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Cultural changes in attitudes toward death, dying, and bereavement [eBook]

By: Hayslip, Bert [Author]Contributor(s): Peveto, Cynthia [Author]Material type: TextTextPublication details: New York, N.Y. International Universities Press 1996 Description: 208 pISBN: 0826127975Subject(s): bereavement | Death | Dying | Culture | Death and DyingDDC classification: EB0022 Online resources: Link to access this title via IHF Library OpenAthens EBSCO eBook Collection Summary: By comparing the findings from the landmark 1970's Kalish and Reynold's "Death and Ethnicity Study" to their own present study, Hayslip and Peveto examine the impact of cultural change on death attitudes. With a focus on African-American, Asian-American, and Hispanic-American subpopulations with Caucasians treated as a comparison group, the authors come to several conclusions, including: the shift towards more interest in being informed of one's own terminal prognosis, a more personal approach to funerals and mourning observances, and a greater focus on family and relationships.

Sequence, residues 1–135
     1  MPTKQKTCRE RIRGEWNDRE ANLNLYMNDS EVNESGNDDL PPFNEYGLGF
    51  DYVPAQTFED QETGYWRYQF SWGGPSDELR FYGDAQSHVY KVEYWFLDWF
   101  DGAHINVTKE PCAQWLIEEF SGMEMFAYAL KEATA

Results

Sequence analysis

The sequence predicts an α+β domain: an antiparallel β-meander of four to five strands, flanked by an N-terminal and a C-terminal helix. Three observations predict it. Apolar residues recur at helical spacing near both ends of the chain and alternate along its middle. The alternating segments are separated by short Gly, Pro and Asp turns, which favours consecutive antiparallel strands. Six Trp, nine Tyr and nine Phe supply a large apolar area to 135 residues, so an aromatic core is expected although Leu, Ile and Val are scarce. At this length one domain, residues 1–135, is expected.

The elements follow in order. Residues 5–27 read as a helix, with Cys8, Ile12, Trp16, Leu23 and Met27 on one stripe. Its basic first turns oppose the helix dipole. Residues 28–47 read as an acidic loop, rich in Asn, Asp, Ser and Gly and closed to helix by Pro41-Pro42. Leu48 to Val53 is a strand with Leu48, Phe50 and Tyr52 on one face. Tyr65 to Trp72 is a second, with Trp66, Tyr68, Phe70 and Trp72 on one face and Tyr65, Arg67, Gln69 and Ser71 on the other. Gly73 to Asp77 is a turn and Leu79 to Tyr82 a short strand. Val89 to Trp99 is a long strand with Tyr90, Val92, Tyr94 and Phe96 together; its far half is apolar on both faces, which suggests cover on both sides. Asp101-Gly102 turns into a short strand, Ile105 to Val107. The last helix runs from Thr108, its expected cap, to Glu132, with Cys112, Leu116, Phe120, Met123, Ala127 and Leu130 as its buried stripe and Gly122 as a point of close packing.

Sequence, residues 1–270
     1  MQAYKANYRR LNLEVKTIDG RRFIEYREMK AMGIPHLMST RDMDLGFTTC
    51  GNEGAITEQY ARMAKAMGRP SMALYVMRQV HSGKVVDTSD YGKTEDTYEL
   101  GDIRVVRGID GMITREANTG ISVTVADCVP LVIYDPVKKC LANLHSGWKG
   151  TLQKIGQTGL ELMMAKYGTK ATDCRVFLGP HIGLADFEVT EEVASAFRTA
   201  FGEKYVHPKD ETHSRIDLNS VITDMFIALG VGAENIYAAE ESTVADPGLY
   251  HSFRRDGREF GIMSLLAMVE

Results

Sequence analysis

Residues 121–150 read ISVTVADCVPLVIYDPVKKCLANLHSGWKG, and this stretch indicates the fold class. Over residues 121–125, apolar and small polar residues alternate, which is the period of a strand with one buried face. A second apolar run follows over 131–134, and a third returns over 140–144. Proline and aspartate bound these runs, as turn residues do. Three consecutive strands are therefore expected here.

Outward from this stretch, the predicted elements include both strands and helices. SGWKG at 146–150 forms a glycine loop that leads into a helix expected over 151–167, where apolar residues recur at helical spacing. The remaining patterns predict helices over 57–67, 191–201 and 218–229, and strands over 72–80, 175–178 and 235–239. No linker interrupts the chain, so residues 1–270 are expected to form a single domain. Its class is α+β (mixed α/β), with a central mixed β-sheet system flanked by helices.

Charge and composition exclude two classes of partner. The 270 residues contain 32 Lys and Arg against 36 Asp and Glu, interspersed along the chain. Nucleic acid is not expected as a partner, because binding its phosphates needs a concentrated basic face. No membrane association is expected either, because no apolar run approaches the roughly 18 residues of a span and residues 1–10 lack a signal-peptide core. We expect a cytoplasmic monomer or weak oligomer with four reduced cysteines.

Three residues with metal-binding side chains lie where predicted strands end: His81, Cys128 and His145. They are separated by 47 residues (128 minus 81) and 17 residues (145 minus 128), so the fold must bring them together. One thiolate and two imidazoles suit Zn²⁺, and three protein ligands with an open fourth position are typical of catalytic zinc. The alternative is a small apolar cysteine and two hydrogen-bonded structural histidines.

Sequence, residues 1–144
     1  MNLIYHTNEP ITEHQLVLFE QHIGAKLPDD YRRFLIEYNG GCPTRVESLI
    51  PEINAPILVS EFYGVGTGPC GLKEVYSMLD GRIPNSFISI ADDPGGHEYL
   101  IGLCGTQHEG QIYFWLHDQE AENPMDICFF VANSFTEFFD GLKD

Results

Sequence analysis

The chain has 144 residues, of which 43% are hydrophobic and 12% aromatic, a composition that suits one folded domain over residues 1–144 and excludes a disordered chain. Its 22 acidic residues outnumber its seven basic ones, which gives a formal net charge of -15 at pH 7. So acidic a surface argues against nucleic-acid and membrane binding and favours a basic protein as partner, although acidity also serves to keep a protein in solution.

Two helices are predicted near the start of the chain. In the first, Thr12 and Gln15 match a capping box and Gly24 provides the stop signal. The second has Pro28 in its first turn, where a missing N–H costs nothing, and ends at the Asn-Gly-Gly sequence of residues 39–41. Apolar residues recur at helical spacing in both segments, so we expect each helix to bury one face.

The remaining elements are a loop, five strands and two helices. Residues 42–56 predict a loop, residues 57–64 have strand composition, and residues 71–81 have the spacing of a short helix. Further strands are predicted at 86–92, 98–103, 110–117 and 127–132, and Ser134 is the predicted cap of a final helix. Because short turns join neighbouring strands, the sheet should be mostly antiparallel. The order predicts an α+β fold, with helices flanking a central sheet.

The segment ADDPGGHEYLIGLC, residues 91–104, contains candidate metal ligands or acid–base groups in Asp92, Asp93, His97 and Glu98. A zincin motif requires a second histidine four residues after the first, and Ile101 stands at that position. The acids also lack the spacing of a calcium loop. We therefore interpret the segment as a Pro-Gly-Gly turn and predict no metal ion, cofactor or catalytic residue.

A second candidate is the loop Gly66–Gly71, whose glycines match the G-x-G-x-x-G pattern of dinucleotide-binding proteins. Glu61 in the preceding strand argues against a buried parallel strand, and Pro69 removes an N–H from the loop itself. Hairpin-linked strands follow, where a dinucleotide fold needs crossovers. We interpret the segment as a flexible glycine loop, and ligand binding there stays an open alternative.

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e-Books e-Books The Thérèse Brady Library
eBooks – Accessed via IHF OpenAthens Browns and EBSCO eBook collection Not for loan

By comparing the findings from the landmark 1970's Kalish and Reynold's "Death and Ethnicity Study" to their own present study, Hayslip and Peveto examine the impact of cultural change on death attitudes. With a focus on African-American, Asian-American, and Hispanic-American subpopulations with Caucasians treated as a comparison group, the authors come to several conclusions, including: the shift towards more interest in being informed of one's own terminal prognosis, a more personal approach to funerals and mourning observances, and a greater focus on family and relationships.

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